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Laws that require
companies to provide
consumers with
important information
about their products,
such as fuel efficiency
of automobiles, sideeffects of medication.
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Public Interest
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Both state and federal
governments’
involvement in
concerns of the public
as a whole, such as
environmental
protection, sanitary
food production.
What are the basic principles of
the U.S. free enterprise system?
1. Americans generally favor
(a) strong government control of the economy.
(b) limited government intervention in the economy.
(c) no government intervention in the economy.
(d) government control of manufacturing only.
2. The basic principles of free enterprise do NOT
include
(a) competition.
(b) legal equality.
(c) profit motive.
(d) checks and balances
What are the basic principles of
the U.S. free enterprise system?
1. Americans generally favor
(a) strong government control of the economy.
(b) limited government intervention in the economy.
(c) no government intervention in the economy.
(d) government control of manufacturing only.
2. The basic principles of free enterprise do NOT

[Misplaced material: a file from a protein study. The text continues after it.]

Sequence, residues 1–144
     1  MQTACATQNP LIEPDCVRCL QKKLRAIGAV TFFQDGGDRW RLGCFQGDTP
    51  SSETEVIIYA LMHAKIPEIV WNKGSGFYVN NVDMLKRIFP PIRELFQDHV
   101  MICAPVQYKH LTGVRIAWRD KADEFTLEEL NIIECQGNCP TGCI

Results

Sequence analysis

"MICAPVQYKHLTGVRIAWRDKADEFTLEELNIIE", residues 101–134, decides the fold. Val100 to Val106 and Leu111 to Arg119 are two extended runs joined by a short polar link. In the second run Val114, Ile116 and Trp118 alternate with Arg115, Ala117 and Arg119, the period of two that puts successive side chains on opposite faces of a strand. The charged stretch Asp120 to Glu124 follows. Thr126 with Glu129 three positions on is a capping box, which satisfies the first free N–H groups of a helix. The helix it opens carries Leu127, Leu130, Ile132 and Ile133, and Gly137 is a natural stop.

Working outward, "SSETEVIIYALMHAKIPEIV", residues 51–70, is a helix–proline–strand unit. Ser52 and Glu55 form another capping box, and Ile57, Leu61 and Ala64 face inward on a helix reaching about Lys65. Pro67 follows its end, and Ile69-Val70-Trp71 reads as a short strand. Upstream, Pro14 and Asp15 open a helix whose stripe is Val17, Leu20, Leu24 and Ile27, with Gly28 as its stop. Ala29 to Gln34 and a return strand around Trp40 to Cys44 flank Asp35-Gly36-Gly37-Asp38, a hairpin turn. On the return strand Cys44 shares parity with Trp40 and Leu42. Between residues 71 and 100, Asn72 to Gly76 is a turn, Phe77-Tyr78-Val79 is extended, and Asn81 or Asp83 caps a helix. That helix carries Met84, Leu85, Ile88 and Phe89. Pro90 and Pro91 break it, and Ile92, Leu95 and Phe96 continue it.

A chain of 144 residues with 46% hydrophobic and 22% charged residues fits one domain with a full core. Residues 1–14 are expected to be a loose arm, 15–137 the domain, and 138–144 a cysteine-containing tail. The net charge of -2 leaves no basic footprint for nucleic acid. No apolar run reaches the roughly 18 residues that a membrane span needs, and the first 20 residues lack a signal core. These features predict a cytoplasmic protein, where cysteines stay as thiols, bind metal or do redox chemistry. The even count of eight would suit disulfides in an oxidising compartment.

include
(a) competition.
(b) legal equality.
(c) profit motive.
(d) checks and balances
Promoting Growth and Stability
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How does the government track and seek to
influence business cycles?
How does the government try to promote
economic strength?
Why and how does the government
encourage innovation?
Tracking Business Cycles
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Macroeconomics
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A business cycle
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is the study of the behavior and decision making
of entire economies.
is a period of a macroeconomic expansion
followed by a period of contraction.
One measure of a nation’s macroeconomy is
gross domestic product (GDP).
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GDP is the total value of all final goods and
services produced in a particular economy.